In addition to being fantastically useful, screen appears to have been written by someone with a sense of humor as it seems to contain rather a few Easter Eggs. One particular Easter Egg that I recently came across is that if the server process dies while the client process is still connected, you meet the error message:

Suddenly the Dungeon collapses!! - You die...

It's a cryptic and ominous error message that might put you off a little if you don't know what's going on. A quick googling will show that some have accidentally misinterpreted the meaning; thankfully I could guess what it was and check google for confirmation.

Numerology and Synchronicity in Restaurant Stubs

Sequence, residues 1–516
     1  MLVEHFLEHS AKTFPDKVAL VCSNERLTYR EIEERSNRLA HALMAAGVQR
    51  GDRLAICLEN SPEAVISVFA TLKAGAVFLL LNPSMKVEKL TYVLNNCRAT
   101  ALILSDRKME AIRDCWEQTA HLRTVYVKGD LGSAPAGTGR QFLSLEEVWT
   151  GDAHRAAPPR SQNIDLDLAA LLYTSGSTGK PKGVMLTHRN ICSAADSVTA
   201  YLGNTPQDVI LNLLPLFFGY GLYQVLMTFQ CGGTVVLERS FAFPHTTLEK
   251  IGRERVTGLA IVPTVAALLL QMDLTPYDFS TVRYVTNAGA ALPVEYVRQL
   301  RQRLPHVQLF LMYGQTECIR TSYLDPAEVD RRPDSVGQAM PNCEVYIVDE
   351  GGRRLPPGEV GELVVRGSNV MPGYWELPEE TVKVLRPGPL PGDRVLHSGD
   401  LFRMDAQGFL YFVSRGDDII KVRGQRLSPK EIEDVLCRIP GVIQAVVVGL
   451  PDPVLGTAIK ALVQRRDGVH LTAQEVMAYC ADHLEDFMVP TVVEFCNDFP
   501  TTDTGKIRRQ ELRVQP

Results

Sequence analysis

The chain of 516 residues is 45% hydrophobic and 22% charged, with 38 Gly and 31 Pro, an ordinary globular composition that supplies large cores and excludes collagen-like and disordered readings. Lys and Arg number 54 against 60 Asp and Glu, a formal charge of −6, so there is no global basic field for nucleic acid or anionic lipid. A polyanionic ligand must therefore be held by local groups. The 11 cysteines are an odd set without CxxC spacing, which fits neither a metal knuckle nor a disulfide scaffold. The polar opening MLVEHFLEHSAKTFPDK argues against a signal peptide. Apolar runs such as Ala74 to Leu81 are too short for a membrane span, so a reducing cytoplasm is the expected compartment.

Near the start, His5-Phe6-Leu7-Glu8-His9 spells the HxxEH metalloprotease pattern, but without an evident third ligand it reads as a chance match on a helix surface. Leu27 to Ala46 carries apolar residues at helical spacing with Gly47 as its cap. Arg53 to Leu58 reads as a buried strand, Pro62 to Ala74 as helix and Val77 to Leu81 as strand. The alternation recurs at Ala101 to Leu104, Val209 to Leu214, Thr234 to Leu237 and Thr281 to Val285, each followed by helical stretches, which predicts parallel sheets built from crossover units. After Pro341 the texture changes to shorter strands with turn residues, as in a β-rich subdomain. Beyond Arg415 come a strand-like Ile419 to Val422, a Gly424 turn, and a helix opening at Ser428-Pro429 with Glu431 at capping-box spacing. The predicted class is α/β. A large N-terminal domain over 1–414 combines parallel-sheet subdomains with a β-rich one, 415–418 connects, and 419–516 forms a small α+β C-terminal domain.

When I see a number or sequence, I have a tendency to deconstruct it into other numbers or sequences; I do this with license plates, addresses, receipt stubs and all other manner of things. It is receipt stubs, specifically from restaurants that I'd like to take as my discussion nucleus today. Yesterday, for the first time, I got a steak and cheese from Theo's Cheesesteak at the Rincon Center nearby and I happened to be order number 64. Upon seeing 64, I internally deconstructed it to 2^6 and spent the subsequent few moments thinking generally about powers of two. Today, having enjoyed yesterday's cheesesteak, I decided to get another and went, again, to Theo's where I, once again, happened to be order number 64. Performing the same deconstruction to 2^6 immediately reminded me that I had been given 64 yesterday, allowing me to note that I had received the same number from the same restaurant, two days in a row. Coincidence: yes; synchronicity: I found it meaningful, so yes; evidence for numerology: oh come on, no.